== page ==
The VOTE (Voting Opportunity and Translation Equity) Ordinance

All citizens have the right to vote and deserve equal opportunity and access to the ballot. The VOTE Ordinance will expand access to fully translated ballots and voting material for more suburban Cook County residents with limited-English-proficiency in 2020.
On September 26, Commissioner Kevin Morrison and I introduced the Voting Opportunity and Translation Equity Ordinance to address this inequity.
The Voting Rights Act (VRA) of 1965 has not been updated since 1992, and only requires that covered states or political subdivisions (which Cook County is) translate voting materials in English and for persons of American Indian, Asian American, Alaskan Native or Spanish heritage who meet a threshold of 10,000 or more limited English speakers.
In Cook County, 35% of residents speak a language other than English at home, according to the most recent census data available.
We can and must do better. 
The proposed VOTE (Voting Opportunity and Translation Equity) Ordinance expands the number of languages that suburban Cook County ballots and voting material must be translated into, beyond what is already required by the VRA.
This ordinance could empower thousands of suburban Cook County residents to more actively and confidently participate in the democracy that serves them.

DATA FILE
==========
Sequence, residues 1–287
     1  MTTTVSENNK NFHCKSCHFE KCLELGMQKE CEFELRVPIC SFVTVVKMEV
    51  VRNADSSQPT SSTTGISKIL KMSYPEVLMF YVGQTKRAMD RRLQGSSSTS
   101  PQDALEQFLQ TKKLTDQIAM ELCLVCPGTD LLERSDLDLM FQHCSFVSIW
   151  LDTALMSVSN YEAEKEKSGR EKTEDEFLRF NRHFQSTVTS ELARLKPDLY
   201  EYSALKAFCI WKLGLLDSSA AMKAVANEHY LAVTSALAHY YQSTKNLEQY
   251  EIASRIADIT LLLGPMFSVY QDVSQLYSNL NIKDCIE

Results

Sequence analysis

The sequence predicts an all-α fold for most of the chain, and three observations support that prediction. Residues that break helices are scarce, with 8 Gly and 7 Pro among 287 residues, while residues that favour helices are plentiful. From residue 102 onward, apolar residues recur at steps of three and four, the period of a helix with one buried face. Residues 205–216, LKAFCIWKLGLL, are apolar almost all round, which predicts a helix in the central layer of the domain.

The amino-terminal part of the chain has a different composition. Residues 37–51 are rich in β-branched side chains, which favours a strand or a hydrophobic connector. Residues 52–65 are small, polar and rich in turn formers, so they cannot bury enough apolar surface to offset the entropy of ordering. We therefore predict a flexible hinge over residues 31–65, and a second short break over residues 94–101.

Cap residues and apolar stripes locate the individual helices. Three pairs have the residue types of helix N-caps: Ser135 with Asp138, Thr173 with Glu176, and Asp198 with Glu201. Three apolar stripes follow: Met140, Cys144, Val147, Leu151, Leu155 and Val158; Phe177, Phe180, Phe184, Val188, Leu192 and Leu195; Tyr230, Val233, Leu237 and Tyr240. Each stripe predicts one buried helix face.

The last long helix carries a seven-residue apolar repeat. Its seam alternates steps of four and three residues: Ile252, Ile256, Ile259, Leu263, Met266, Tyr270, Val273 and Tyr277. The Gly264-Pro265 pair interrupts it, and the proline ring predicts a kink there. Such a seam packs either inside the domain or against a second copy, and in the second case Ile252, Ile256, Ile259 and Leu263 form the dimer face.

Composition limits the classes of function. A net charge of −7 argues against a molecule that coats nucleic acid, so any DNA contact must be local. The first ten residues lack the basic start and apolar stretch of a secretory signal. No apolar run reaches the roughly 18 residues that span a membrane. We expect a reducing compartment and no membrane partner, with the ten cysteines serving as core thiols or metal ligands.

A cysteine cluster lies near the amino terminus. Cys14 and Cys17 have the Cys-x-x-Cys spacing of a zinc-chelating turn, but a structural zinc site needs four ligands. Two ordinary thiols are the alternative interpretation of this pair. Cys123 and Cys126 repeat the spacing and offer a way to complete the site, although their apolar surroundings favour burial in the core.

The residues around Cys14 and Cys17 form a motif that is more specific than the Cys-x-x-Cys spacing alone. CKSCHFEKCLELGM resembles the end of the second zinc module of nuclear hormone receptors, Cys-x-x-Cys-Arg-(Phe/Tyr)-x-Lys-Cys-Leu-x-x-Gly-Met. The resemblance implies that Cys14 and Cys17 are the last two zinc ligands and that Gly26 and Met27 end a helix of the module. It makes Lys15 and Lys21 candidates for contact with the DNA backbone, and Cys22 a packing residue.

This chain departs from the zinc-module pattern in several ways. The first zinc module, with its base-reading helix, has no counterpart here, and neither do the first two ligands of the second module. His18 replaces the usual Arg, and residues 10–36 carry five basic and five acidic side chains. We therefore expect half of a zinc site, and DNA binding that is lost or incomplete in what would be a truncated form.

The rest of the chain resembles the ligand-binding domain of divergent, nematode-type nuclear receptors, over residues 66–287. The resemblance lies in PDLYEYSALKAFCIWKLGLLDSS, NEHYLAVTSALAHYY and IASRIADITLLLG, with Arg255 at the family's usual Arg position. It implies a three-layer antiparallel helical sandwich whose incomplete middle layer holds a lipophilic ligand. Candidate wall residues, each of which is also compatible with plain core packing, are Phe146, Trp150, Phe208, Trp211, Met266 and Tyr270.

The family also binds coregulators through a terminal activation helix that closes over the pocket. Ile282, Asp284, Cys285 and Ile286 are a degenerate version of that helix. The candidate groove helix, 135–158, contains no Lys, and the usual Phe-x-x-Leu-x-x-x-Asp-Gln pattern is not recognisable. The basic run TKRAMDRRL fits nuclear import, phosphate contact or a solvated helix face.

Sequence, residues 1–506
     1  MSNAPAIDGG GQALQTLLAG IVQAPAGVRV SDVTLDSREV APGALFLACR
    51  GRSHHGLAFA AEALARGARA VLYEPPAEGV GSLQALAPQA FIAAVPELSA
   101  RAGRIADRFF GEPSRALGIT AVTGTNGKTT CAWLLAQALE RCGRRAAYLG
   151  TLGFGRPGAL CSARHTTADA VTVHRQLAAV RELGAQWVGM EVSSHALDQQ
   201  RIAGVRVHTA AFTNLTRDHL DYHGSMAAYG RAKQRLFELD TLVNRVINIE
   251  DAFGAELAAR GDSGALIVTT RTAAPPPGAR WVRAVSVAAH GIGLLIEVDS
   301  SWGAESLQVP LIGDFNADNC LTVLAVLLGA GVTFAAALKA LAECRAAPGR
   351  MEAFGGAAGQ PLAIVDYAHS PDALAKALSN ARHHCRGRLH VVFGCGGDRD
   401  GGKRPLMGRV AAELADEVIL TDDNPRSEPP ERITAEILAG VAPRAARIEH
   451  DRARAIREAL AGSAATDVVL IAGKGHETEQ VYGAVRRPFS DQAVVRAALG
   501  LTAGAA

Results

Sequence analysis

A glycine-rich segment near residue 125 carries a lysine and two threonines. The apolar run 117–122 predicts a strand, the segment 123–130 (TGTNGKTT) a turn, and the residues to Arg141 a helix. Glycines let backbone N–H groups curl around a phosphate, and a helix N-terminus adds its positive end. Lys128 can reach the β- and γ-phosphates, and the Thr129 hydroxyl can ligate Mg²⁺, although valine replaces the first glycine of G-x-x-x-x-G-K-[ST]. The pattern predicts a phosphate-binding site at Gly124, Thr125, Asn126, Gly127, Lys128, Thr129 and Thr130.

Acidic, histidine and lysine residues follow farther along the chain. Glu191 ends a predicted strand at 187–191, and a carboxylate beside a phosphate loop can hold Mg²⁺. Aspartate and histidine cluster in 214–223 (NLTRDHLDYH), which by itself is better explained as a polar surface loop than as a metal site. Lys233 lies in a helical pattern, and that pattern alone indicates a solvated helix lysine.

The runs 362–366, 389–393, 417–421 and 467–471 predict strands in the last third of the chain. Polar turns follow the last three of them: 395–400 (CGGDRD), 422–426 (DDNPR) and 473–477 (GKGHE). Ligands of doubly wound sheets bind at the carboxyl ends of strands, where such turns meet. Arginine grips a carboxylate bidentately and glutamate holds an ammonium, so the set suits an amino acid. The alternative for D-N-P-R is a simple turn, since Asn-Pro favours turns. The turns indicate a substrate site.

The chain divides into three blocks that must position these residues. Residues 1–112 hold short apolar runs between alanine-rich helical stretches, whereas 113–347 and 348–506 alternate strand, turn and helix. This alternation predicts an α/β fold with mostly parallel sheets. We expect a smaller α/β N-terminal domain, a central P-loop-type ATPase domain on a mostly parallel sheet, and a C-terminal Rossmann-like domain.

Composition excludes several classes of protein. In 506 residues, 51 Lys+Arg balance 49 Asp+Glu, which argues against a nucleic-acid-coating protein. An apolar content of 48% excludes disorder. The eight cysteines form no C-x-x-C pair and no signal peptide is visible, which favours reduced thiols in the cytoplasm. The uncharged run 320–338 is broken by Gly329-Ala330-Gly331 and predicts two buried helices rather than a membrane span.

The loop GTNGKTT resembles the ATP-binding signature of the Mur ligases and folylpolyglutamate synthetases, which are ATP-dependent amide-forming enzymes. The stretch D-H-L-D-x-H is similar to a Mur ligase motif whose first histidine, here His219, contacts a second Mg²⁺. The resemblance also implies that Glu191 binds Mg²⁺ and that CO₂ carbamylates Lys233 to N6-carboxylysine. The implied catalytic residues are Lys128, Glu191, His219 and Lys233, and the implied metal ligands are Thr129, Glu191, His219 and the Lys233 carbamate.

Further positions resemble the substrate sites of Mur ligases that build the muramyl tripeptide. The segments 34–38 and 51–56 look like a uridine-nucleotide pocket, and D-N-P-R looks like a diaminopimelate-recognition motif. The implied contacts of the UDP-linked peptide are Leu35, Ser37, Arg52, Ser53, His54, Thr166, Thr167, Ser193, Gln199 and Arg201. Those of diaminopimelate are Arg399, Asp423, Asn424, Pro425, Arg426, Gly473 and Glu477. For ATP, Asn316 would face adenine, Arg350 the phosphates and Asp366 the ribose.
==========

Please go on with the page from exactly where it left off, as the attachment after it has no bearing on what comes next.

How the VOTE Ordinance works:

  • Starting next year, each single language that has 13,000 or more limited-English-proficient suburban Cook County residents will be guaranteed a fully translated ballot, both electronically and paper, and all translated voting materials.
  • Starting next year, each single language that has 10,000 or more limited-English-proficient suburban Cook County residents will be guaranteed all translated voting materials, including a sample ballot.
  • The ordinance will also codify non-ballot language access including strengthening our protections of Section 208 of the VRA, such as bringing a translator with you to the ballot and making it easier for limited English speakers to access the language support services available to them. This includes requirements about standardized and visible signage that is translated into relevant languages. 
  • The final determination of which languages meet this new standard will be made every three years by the Office of the Cook County Clerk, based on census data and in consultation with community groups. This triennial review and reporting process will better account for changing demographics.  

How you can help:

  1. Come to the October Board meeting and share a statement about why expanding language access for voters is critical to our democracy. 
  2. Write a statement and share it via the online portal to send it to every Commissioner on the Board.
  3. Call or email your Cook County Commissioner, and let them know that you are in favor of this ordinance passing. 
  4. Share your support on social media 
  5. Use this flyer to spread the word 


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